Three orthopaedic surgery residents at the George Washington University School of Medicine and Health Sciences (SMHS), Alex Gu, MD, Safa Fassihi, MD, and Seth Stake, MD, published a study in which they surveyed orthopaedic surgery resident program directors to determine how the change in the medical licensing Step 1 exam would affect residency selection. Step 1, a one-day exam, assesses how medical students can apply basic science concepts to medicine, with a focus on essential systems and principles.
The Federation of State Medical Boards (FSMB) and the National Board of Medical Examiners (NBME), which cosponsor the United States Medical Licensing Exam, also known as USMLE, adjusted Step 1 scoring from a numbered score to pass/fail. According to USMLE, this change is designed to ease the transition from undergraduate to graduate medical education.
To assess how this change could affect the residency application process, the residents, along with a team from the SMHS Department of Orthopaedic Surgery and New York City-based Hospital for Special Surgery, sent a 17-question survey to program directors. These questions included demographic information and the importance of varying factors in the interview selection process.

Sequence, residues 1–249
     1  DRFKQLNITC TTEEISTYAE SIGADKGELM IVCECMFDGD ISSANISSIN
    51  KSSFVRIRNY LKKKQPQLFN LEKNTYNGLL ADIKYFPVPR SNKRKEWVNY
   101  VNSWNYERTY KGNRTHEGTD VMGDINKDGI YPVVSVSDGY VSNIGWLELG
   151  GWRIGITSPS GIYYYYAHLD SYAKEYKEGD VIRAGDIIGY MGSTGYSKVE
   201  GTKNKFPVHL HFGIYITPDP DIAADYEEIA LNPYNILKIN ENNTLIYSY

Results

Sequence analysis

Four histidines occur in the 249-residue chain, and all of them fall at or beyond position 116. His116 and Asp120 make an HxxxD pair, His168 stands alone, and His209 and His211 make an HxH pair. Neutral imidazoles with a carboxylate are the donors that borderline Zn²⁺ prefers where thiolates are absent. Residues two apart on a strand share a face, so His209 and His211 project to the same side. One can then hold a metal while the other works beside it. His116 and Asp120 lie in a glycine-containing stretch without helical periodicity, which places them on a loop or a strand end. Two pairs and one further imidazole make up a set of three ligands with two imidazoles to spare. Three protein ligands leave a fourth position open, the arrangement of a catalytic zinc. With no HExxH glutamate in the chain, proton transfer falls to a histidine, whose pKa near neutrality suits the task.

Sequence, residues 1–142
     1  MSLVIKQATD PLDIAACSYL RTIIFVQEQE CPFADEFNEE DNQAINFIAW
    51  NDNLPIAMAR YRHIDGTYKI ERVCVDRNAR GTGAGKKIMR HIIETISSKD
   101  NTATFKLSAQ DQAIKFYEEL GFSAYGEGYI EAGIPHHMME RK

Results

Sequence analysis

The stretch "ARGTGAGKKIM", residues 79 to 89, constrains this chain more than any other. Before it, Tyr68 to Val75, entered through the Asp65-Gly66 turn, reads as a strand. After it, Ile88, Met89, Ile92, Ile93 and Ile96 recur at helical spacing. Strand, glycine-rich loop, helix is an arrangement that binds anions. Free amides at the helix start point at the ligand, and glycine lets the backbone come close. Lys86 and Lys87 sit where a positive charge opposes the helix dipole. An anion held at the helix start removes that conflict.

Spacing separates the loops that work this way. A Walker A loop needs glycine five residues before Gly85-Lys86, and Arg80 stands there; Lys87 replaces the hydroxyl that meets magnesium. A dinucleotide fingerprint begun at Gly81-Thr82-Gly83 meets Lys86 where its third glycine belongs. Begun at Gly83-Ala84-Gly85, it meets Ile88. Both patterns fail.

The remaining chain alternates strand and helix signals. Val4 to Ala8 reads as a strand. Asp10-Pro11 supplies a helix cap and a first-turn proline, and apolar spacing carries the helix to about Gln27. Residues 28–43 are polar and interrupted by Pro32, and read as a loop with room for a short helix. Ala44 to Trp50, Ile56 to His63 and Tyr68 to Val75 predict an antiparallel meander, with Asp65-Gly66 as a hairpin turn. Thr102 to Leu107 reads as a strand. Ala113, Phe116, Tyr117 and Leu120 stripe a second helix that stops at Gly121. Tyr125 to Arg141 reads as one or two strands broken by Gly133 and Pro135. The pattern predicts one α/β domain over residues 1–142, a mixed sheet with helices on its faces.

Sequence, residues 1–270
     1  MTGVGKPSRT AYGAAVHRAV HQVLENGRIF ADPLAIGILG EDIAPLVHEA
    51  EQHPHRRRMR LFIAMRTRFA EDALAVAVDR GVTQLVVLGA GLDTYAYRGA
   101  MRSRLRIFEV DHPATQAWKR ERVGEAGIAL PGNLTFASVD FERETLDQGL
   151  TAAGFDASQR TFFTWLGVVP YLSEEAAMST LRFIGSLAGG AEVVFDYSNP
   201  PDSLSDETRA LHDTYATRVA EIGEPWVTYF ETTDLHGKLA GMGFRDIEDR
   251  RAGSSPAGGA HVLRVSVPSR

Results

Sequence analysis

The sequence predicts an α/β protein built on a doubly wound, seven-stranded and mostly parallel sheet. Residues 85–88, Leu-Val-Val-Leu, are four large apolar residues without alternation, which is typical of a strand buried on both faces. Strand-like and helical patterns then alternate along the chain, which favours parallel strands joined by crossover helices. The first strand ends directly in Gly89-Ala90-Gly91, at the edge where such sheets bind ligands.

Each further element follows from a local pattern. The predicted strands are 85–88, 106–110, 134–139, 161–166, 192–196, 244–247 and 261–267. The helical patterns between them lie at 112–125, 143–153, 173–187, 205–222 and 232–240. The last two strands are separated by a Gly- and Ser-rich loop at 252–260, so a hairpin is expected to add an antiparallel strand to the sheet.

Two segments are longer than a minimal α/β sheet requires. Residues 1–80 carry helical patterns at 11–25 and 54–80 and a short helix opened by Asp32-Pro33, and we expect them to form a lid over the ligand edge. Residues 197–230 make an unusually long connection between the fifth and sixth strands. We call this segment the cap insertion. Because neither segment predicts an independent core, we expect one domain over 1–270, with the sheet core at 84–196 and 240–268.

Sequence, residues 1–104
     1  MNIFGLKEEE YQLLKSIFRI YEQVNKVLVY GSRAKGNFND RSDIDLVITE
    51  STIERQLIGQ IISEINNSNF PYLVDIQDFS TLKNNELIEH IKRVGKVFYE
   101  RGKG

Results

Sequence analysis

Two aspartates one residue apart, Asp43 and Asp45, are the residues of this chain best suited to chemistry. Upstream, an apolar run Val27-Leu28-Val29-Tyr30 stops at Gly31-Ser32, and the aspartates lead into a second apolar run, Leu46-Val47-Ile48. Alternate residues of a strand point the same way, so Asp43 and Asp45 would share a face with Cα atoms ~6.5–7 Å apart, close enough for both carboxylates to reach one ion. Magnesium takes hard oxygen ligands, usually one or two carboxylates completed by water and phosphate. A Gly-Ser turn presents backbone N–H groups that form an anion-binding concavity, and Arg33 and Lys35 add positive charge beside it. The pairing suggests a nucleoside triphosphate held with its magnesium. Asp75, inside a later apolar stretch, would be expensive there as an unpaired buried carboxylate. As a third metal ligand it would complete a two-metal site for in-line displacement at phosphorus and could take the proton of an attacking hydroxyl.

In analyzing the results, the team found that program directors indicated three areas of primary importance: failure in previous attempts of exams, a voluntary elective or rotation within the program director’s department, and personal knowledge of the applicant. In addition, 80% of program directors noted that they would include Step 2 clinical knowledge scores, which are numbered, when considering applicants to interview.
“Ultimately, most orthopaedic surgery resident program directors felt that this scoring change would affect the selection process and come with additional requirements,” Gu said. “They also indicated that they do not support the FSMB and NBME decision.”
Read the study, “Effect of Change in USMLE Step 1 Grading on Orthopaedic Surgery Applicants: A Survey of Orthopaedic Surgery Residency Program Directors,” in the Journal of the American Academy of Orthopaedic Surgeons: Global Research & Reviews.